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NFL ROUNDUP : Most of These Cuts Are Really an Illusion

TIMES STAFF WRITER

Final cutdown day in the new NFL would be self-explanatory but for two minor details.

Most of the cuts aren’t really cuts, and nothing is final.

This was most apparent Monday when Dennis Green, coach of the Minnesota Vikings, began talking about newly acquired running back Barry Word.

“Barry will fit in real well with Roger Craig . . . " Green said.

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Moments later, Green paused and made another announcement.

The Vikings had cut Roger Craig.

With maneuvers that created a whole new set of galloping ghosts, teams pared their rosters to 47 in preparation for adding six players today to reach the mandated total of 53.

Like Craig, most of the players added will be the ones that teams cut Monday. To ensure that they will get those players back, teams cut many veterans with four years of experience or more.

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This is because such players, under the new basic agreement, are free agents who can sign anywhere. Teams are relying on handshakes and winks from those veterans, unspoken promises that they will stay.

If a younger player is cut, he must be placed on waivers and can be easily lost to another team.

“Basically, clubs are using this new rule to their advantage,” said Jim Miller, New Orleans Saint vice president. “If they have a veteran who they like, and who likes them, they can expose him to free agency for a day because they know he’s coming back.”

This makes for situations such as the one in Washington, where the Redskins certainly hope that Kelly Goodburn, who was released, is coming back.

He is their only punter.

The Atlanta Falcons cut starting defensive end Tim Green and linebacker Jesse Solomon, who combined last year for 169 tackles. Other phony cuts include kicker Mike Cofer, cornerback Don Griffin and linebacker Mike Walter of the San Francisco 49ers; tackle Keith Van Horne of the Chicago Bears and center Jim Sweeney of the New York Jets.

“As far as I know, I’m just getting ready for Denver,” Sweeney said of New York’s opener against the Broncos.

The Green Bay Packers, however, cut veteran backup quarterback Ken O’Brien for real. He played so poorly during the preseason that he was beaten out by Ty Detmer and rookie Mark Brunell.

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And one would assume that receiver Wesley Carroll, the Saints’ top pick in the 1991 draft, was cut for real. He ran from the locker room, threw his clothes in his car, and sped away.

“I’m gone. I’m leaving for good. Goodby,” he shouted.

Also dropped without a net was Pepper Johnson of the New York Giants, an All-Pro linebacker in 1990 when the team won the Super Bowl.

Johnson, 29, who led the Giants in tackles last year, reported late and had complained about being taken out on third downs in the new defense installed by new coach Dan Reeves.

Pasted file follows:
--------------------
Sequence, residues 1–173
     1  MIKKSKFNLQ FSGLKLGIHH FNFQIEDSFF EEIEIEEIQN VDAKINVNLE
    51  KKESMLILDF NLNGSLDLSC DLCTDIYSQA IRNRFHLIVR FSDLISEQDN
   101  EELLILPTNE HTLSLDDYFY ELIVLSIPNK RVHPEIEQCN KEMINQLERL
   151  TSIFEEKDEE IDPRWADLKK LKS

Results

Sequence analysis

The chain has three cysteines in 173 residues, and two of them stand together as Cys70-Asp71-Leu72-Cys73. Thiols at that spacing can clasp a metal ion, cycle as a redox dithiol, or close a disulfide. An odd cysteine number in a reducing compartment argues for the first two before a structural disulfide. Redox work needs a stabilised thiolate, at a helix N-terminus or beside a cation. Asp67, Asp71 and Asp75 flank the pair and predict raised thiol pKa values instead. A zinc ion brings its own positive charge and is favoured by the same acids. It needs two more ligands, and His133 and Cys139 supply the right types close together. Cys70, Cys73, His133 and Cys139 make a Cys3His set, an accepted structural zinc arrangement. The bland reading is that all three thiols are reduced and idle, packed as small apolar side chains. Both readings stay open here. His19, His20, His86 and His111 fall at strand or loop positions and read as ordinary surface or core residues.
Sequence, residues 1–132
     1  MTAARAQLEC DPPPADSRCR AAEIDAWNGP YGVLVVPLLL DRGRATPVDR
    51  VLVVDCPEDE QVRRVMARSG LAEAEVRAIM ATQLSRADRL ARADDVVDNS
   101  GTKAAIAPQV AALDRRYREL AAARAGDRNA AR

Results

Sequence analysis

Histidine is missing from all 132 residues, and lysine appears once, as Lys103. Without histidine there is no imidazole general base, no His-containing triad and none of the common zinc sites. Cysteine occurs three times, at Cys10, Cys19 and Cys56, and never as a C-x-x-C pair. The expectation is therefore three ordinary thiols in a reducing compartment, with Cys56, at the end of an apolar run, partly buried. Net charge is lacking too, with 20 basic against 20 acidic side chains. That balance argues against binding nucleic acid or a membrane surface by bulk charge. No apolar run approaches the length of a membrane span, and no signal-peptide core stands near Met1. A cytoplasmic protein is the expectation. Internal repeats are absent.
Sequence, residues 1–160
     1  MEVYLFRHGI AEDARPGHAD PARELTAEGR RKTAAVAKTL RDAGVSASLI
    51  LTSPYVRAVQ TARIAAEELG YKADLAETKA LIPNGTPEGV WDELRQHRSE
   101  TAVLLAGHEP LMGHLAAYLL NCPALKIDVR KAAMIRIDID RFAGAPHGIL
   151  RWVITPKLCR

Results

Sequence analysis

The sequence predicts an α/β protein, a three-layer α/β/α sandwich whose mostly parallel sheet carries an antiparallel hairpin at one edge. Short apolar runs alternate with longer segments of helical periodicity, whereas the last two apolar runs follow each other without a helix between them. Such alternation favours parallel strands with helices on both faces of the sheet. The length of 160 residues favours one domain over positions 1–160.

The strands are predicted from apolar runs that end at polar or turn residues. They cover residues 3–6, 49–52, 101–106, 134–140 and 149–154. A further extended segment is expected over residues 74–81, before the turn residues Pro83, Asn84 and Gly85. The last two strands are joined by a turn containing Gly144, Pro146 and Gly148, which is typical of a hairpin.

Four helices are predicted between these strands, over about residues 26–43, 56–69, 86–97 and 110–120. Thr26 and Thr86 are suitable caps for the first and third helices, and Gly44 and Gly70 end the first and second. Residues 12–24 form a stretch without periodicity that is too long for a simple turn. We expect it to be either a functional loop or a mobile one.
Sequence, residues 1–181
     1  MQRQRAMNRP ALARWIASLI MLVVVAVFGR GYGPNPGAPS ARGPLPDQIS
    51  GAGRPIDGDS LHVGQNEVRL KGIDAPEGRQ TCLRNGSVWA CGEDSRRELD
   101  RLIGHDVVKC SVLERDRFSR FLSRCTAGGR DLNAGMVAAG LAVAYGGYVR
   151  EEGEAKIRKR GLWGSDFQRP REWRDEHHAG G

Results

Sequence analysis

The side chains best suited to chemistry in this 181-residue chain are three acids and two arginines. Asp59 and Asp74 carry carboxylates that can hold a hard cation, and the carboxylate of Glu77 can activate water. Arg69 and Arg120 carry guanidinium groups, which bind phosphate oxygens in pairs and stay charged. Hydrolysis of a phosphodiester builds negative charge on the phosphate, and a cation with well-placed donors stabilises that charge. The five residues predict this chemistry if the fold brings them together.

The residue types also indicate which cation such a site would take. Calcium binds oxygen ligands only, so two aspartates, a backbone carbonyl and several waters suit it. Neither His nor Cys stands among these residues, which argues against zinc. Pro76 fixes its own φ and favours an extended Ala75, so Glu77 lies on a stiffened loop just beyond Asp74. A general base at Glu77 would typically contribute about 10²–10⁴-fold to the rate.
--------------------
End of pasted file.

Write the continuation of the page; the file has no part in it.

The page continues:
And Johnson couldn’t even use the impending salary cap as an excuse. He was scheduled to make $1.2 million. He will be replaced by Carlton Bailey, who signed as a free agent for $1.755 million.

Another no-joke cut was Reggie Roby, the Miami Dolphins’ punter for 10 years. He was beat out by former Ram punter Dale Hatcher less than two weeks after Roby filed personal bankruptcy papers.

Roby, 32, had been seeking free-agent status by using his financial woes as a way out of his five-year contract (two years remaining at a reported $445,000 per year).

Roby, a Pro Bowl selection in 1984 and ’89, said, “They were a little scared by the bankruptcy. What if they kept me and in a month I was a free agent?”

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Hatcher, 30, who has had an inconsistent career since making the Pro Bowl in his rookie season with the Rams in 1985, wasn’t in the league in two of the past three years. He averaged a net 40.1 yards compared to Roby’s 34.6 during the exhibition season.

Marv Levy, coach of the Buffalo Bills, wins the award for the most unusual approach. He was so worried about losing his players, he didn’t even tell the ones who had been cut that they were cut.

“But you watch, somebody will still lose a player this way,” said the Saints’ Miller. “Some player will get a better offer and go. It’s still a risk.”

The Packers pretended only a little. Shortly after linebackers Jeff Brady and Keo Coleman and guard Terry Beauford were cut, they were seen practicing with the team.

“We’re exploring right now to see if we are doing it the right way,” said Ron Wolf, the Packers’ general manager. “If we end up doing it the wrong way, we don’t do it this way again.”

The Cowboys didn’t fool anybody by cutting backup quarterback Hugh Millen. Even though he lost his second-string job to free agent Jason Garrett, Millen will be back today.

If he is not, then why was all of his equipment still in his locker?

Bill Bates, the Cowboys’ veteran safety and folk hero, was openly happy to be released.

“It just gives me a day to play golf,” Bates said.


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